Foreword Reviews

Living with Mr. Fahrenheit

A First Responder Family’s Fight for a Future after a Mental Health Crisis

Clarion Rating: 3 out of 5

Lisa Beecher’s moving memoir Living with Mr. Fahrenheit concerns the twenty years she spent as a caregiver for her husband.

Police officer Lisa Beecher’s heartbreaking memoir Living with Mr. Fahrenheit is about how her marriage was turned upside down by bipolar disorder.

The book opens with a detailed, minute-by-minute account of Beecher bringing her husband, Jamie, to a psychiatric hospital. The inciting incident isn’t named until much later in the book, which then covers his overzealous religious interest, sermons to his family members, and fears about his pastor knowing that he’d read anti-Catholic books; he became paranoid about the presence of demons in his house and even shot at one. But before covering this ultimate psychotic break, the book diverts to flashbacks of Beecher’s early days on the police force, where she met and fell in love with her husband.

There are dramatic tales of situations on duty that came to haunt them both, including bank robberies and drug heists. The early years of their marriage featured ups and downs, though the book focuses most on the downs, as with Jamie’s PTSD, drinking problems, nightmares, and a two-month separation when his irritability grew to be too much to bear. The many complications of being a police officer in civilian situations are conveyed; for example, at one hospital, Jamie requested to be moved because his roommate turned out to be someone he’d arrested in the past. He also feared that other patients would find out that he was a police officer, since “people don’t like cops.” And while an internal investigation over his misuse of a firearm ended in his favor, it stands out in the text as a stark reminder of the precariousness of mental illness for people in positions of power.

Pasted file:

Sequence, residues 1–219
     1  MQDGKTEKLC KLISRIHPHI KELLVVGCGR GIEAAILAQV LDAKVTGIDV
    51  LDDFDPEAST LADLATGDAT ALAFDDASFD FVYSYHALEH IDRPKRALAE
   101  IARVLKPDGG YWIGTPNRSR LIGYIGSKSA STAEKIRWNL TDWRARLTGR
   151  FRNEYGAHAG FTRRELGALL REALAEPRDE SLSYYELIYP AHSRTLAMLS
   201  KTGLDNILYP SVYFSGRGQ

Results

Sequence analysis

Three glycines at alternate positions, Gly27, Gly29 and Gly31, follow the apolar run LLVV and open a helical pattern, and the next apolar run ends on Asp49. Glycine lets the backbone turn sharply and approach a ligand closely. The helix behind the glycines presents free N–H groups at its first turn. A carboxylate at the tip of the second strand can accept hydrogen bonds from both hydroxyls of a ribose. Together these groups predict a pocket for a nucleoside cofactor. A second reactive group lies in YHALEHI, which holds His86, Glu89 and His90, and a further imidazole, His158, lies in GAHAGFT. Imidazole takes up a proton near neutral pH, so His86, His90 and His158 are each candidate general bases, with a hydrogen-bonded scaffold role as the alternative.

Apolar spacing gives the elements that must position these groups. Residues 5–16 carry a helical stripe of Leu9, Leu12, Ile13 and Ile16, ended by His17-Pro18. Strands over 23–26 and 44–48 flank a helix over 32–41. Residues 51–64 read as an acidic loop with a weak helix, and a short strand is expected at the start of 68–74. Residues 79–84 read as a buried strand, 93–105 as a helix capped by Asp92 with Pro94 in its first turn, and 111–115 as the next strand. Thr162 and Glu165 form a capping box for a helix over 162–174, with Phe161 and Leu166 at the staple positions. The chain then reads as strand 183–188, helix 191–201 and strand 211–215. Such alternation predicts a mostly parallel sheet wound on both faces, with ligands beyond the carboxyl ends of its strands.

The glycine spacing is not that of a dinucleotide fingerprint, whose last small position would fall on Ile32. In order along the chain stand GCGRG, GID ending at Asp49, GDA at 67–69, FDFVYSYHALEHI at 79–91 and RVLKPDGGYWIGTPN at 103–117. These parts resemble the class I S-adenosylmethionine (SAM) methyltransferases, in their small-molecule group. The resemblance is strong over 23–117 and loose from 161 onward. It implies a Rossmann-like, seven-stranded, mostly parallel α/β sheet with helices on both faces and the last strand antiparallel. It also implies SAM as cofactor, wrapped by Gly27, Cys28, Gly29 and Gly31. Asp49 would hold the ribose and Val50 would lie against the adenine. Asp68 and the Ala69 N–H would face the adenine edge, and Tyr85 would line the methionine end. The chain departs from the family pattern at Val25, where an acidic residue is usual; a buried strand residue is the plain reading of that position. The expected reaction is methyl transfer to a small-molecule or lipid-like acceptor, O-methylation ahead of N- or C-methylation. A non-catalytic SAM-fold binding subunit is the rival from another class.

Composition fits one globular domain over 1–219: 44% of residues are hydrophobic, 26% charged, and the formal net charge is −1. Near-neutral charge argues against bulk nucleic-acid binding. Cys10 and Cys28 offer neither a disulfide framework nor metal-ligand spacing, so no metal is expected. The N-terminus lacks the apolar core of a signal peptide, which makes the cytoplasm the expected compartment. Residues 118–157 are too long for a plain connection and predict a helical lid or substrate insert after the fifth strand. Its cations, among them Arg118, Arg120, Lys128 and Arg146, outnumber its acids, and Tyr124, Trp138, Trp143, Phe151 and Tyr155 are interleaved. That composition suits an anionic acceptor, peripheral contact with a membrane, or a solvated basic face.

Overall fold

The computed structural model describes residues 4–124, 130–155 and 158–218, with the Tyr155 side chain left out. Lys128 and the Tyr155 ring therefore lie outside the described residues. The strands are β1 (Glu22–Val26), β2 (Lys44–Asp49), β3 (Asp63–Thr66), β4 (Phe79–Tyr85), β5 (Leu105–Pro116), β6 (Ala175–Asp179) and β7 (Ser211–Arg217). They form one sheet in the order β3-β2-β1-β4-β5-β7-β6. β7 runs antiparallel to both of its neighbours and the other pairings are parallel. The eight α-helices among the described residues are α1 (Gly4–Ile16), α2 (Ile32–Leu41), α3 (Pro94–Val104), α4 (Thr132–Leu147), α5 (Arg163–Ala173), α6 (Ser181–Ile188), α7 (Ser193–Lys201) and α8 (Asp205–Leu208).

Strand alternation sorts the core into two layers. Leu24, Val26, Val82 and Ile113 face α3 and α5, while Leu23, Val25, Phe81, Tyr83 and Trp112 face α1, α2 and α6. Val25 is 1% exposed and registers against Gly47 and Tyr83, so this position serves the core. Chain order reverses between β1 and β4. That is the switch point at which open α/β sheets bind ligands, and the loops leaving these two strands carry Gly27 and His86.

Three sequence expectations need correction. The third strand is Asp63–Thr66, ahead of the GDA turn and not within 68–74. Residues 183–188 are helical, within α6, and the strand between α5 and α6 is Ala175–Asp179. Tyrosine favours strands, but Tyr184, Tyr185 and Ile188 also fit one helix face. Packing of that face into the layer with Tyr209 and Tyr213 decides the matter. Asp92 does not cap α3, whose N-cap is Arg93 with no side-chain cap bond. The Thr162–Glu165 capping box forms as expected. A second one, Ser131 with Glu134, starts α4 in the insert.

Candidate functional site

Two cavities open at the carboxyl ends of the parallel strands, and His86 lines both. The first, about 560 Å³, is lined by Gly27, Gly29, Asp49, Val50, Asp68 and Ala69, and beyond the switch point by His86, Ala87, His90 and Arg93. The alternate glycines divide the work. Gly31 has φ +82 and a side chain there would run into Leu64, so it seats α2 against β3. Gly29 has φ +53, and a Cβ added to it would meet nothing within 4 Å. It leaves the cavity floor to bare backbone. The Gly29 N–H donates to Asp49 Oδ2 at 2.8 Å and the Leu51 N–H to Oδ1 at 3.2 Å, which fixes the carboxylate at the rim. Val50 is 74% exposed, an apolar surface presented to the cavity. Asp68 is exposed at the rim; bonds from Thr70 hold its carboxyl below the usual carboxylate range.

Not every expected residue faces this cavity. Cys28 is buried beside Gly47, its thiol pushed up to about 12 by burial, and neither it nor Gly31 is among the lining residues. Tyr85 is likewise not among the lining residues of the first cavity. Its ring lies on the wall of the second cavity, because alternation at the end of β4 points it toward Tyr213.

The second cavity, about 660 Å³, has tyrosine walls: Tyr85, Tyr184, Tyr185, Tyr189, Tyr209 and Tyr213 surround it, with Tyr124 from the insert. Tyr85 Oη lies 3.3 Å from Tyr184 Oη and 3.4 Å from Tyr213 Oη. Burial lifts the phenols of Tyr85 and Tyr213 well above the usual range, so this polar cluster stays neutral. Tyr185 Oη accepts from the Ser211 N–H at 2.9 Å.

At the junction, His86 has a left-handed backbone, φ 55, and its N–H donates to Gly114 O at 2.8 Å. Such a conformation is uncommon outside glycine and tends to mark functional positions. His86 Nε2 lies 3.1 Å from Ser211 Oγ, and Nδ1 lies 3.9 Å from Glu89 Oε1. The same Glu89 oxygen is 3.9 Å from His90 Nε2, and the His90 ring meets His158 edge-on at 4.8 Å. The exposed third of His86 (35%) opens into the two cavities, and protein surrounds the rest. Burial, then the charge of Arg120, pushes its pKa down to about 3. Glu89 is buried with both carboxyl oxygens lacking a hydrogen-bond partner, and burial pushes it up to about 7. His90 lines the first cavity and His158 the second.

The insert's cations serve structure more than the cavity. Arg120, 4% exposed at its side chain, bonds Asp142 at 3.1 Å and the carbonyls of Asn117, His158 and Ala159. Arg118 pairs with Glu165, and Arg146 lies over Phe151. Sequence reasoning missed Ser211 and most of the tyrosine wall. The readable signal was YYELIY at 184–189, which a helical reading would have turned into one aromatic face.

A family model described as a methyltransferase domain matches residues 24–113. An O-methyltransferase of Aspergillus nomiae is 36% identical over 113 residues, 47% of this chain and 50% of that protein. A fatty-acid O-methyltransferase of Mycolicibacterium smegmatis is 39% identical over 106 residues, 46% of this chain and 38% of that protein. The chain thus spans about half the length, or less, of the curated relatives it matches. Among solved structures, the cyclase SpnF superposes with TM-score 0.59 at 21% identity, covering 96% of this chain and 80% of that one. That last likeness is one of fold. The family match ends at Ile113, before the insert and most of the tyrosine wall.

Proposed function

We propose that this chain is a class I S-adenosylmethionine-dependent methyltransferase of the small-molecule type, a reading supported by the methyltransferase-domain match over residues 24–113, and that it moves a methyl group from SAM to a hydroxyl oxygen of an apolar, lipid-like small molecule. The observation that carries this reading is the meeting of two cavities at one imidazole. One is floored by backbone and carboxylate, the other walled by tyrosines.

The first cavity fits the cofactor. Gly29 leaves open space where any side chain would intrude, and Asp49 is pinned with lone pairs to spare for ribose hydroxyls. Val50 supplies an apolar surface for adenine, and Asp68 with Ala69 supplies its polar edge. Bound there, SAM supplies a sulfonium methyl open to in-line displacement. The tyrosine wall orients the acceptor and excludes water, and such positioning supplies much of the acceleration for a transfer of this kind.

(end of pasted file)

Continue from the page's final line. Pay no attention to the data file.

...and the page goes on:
Still, while the majority of the book is an accessible, moving tale about a marriage ravaged by mental illness, some portions of it are insular, even superfluous, for outside audiences. Its sections divulge intimate memories that don’t pertain to the main focus of the couple’s story, as when it traces the trajectories of the Beechers’ children’s lives. And the prose is hyperdetailed at times, as when it describes the exterior of a hospital. These moments impede absorption in the book’s more involving scenes—as does the wide variation in its pacing, with some chapters covering a few hours and others covering a few months.

Lisa Beecher’s moving memoir Living with Mr. Fahrenheit concerns the twenty years she spent as a caregiver for her husband.

Reviewed by Ashley Holstrom

Disclosure: This article is not an endorsement, but a review. The publisher of this book provided free copies of the book and paid a small fee to have their book reviewed by a professional reviewer. Foreword Reviews and Clarion Reviews make no guarantee that the publisher will receive a positive review. Foreword Magazine, Inc. is disclosing this in accordance with the Federal Trade Commission’s 16 CFR, Part 255.

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